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Talk about your worries to prevent suicide — Clinical Psychologist

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BY: Eugenia Asare Tandoh

Talk to a trusted person such as your parents, a relative or a teacher if you feel like harming yourself or ending your life.

This is the advice a Clinical Psychologist, Mr Abishai Anlimah, is giving to young people who are unable to cope with certain situations in their lives and think that committing suicide is the only solution.

In an interview  in Accra last Friday, Mr Anlimah said the negative feelings might come about as a result of having a low self-esteem,  believed that no one cared about them or were depressed (a common and serious medical illness that negatively affects how one feels, the way they think and how they act).

“Other negative feelings that may trigger young people to take their own lives or harm themselves can be caused by drug abuse  or alcohol and experiencing stressful events, such as an unwanted pregnancy, trouble with the law, or not meeting high parental expectations”, he added.

Mr Anlimah said sometimes “you may think that  your problem is so overwhelming that no one can help you but when you muster the courage to talk to someone, you would realise that the problem you thought was so huge was actually a small one that is easy to solve”.

He said it could be hard to open up about how one was feeling, especially when  feeling depressed, ashamed, or worthless but it was important to remember that many people struggled with such feelings at one time or another and it didn’t mean that  they were weak or no good.

The psychologist asked people who got uncontrollable feelings of taking their lives when alone to wait for 24 hours before taking any action because that  could give them time to think through things  carefully and help them distance themselves from the  worrying  strong emotions.

“During this 24-hour period, try to talk to someone, anyone you are comfortable with to seek help”, Mr Abishai pointed out.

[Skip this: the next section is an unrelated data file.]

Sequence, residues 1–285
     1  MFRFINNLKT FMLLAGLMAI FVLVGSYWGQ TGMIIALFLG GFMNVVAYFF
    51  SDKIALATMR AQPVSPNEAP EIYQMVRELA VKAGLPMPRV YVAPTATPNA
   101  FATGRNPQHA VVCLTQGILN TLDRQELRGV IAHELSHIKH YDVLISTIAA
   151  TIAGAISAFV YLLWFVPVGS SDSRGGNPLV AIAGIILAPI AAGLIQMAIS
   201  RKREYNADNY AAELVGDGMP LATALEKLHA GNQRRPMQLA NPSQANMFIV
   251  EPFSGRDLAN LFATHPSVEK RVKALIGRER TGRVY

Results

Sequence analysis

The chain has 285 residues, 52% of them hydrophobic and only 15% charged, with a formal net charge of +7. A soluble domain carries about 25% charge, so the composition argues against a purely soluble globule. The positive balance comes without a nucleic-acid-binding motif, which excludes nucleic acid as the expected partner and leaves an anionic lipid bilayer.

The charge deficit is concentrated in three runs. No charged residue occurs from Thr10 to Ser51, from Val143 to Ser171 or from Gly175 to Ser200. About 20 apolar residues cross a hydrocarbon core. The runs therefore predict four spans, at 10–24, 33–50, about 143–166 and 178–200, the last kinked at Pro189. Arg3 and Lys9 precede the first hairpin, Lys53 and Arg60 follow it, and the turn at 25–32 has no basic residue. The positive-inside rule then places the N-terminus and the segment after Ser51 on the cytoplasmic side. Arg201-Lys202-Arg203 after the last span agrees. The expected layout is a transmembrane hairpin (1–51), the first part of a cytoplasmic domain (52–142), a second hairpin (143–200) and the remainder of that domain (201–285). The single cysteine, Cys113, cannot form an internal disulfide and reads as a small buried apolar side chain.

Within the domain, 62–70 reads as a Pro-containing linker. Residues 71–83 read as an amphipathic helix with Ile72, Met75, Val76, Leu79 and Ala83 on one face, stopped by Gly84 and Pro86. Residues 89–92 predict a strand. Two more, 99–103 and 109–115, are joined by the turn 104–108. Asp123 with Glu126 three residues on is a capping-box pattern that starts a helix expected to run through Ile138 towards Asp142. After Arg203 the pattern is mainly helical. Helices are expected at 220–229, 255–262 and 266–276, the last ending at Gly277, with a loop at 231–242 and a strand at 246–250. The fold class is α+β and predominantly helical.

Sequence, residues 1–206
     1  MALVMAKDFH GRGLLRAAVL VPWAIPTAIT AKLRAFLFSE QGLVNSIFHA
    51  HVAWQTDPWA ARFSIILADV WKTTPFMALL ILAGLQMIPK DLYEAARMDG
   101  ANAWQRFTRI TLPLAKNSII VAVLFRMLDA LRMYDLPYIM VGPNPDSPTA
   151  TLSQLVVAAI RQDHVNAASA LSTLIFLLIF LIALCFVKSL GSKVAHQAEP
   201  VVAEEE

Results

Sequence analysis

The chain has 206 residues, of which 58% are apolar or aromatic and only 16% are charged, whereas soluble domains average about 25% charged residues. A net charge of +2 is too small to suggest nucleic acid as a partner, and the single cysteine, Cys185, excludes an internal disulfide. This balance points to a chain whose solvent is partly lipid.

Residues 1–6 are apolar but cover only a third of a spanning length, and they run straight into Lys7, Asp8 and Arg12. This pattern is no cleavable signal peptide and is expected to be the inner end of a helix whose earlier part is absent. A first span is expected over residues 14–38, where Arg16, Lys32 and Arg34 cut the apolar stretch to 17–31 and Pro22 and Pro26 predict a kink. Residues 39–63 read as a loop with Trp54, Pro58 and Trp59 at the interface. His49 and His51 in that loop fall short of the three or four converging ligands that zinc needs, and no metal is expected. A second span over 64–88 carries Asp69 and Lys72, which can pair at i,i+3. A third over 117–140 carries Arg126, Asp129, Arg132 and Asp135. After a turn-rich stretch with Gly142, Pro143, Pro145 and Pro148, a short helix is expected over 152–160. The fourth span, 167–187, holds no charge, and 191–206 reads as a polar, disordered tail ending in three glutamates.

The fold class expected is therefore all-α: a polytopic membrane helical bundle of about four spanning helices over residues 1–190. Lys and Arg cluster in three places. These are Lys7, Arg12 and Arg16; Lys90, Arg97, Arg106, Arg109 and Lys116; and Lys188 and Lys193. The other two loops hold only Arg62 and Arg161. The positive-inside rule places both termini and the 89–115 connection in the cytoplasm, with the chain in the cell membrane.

He asked persons who got such uncontrollable feeings to ensure they were never alone because that could create the feeling that the problem could not be solved, “so  stay in public places, be with friends or family members”.

Mr Anlimah said the warning signs of a suicidal adolescent were noticeable changes in eating or sleeping habits,  unexplained or unusually severe, violent, or rebellious behaviour, withdrawal from family or friends, sexual promiscuity, truancy, vandalism and drastic personality change.

“Other symptoms may be, agitation, restlessness, distress, or panicky behaviour, talking or writing about committing suicide even jokingly, giving away prized or valuable possessions and performing badly in school so I urge all to look out for these signs in their children, friends and students”, the psychologist advised.

Mr Anlimah also advised parents to offer help and listen to their children because some of the signs might be the teen’s way of crying out for help.

He said parents should  offer support, be understanding and compassionate and talk about the feelings and the behaviours they saw which caused them  to be concerned.

“You don’t need to solve the problem or give advice. Sometimes just caring, listening and being non judgemental, gives all the understanding necessary and never ever ignore suicide notes but seek professional help”, he added.

The psychologist also asked parents to remove lethal weapons such as guns from their homes and be aware of the location of kitchen utensils, such as knives and ropes which could be used to commit suicide.

He added that medications should also be kept out of the reach of children.